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CHICAGO — A former Harvey police officer has been indicted for allegedly interfering with towing companies’ ability to compete for city work.

Derrick Muhammad, 73, of South Holland, was a Harvey police officer from 2011 to 2019 and is also the brother of former Harvey Mayor Eric Kellogg.

The federal grand jury indictment, which was returned Wednesday, alleges Muhammad conspired “with a relative” to obtain cash, vehicles and other benefits from towing companies in an extortion scheme.

If the companies didn’t pay, prosecutors allege Muhammad would interfere in the companies’ ability to compete for city work.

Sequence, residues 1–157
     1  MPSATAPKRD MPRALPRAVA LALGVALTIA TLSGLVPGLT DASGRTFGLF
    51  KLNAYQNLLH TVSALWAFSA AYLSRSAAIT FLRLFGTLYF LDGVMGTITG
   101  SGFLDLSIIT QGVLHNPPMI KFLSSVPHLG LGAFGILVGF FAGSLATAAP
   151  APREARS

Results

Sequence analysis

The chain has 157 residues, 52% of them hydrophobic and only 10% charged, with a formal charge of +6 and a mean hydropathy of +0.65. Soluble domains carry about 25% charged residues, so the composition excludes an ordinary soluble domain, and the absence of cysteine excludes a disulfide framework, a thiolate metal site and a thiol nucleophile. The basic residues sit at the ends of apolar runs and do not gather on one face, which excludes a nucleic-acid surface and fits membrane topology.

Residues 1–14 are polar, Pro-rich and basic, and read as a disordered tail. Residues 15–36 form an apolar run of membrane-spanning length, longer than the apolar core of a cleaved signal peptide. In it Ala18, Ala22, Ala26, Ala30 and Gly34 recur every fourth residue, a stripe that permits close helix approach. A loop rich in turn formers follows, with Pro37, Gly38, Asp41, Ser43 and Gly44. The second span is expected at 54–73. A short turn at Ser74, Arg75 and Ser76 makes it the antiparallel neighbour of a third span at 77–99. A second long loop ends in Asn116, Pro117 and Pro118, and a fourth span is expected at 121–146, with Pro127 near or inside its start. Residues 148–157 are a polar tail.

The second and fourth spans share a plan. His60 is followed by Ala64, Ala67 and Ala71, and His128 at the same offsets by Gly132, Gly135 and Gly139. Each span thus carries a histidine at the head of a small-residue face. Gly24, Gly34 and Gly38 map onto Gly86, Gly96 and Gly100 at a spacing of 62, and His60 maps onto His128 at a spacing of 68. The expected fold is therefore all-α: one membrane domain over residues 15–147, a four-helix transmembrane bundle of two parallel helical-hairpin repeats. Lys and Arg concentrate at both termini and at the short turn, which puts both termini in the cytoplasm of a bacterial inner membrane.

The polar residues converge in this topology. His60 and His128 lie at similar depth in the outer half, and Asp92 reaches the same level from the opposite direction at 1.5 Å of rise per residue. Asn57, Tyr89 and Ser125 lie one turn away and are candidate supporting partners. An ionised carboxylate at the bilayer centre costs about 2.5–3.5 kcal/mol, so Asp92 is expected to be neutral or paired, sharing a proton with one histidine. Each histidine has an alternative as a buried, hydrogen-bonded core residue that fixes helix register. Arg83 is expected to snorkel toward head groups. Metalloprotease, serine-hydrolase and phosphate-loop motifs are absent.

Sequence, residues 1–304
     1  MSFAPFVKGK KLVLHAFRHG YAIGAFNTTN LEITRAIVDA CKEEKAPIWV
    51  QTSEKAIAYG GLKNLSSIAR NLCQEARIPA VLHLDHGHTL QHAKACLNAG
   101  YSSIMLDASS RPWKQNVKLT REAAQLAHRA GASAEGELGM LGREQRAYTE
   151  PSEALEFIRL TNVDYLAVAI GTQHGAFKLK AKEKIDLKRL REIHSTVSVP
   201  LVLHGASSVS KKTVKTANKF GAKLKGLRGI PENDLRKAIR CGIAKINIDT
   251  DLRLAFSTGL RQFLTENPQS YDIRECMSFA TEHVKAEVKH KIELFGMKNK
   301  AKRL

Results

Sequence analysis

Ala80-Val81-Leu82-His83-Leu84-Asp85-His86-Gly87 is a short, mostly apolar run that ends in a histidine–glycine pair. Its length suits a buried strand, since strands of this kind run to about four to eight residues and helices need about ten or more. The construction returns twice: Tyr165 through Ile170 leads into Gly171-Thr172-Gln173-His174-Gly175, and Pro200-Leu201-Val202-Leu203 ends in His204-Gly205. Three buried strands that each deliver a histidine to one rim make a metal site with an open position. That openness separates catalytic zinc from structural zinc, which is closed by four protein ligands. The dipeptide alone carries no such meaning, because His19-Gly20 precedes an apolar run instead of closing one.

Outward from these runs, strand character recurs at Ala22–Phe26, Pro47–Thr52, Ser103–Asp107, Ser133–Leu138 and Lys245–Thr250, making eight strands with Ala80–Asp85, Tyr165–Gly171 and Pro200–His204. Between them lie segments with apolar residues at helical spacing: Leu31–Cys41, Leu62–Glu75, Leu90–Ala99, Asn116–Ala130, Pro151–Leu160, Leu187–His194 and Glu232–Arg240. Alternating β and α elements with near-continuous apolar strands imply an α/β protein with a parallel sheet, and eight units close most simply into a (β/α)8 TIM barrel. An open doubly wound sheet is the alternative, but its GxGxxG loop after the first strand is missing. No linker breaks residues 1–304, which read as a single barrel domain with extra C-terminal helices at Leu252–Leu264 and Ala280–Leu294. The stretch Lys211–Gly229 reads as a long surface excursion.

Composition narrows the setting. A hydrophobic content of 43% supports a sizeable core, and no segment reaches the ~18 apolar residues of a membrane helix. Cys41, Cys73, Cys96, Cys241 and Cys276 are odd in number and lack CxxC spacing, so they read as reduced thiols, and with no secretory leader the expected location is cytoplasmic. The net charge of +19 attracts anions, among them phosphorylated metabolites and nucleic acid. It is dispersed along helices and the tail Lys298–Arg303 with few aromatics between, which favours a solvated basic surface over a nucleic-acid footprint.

He was charged with conspiracy, extortion and bribery. The indictment also seeks that Muhammad forfeit around $100,000.

In 2019, federal agents raided the Harvey Police Department. Muhammad was charged and convicted for obstruction of justice. He received a nine-month prison sentence after covering up a felon’s gun located in a towed vehicle, according to the Chicago Sun-Times.

Former Harvey Mayor Eric Kellogg’s brother and cousin — Rommell Kellogg and Corey Johnson — were accused of regularly extorting payments from a Harvey strip club owner based on threats that the city would shut down the business if cash wasn’t received.

Three others were facing various bribery charges following the raid. The former mayor was not charged and retired in 2019.

Muhammad is facing up to 50 years in federal prison.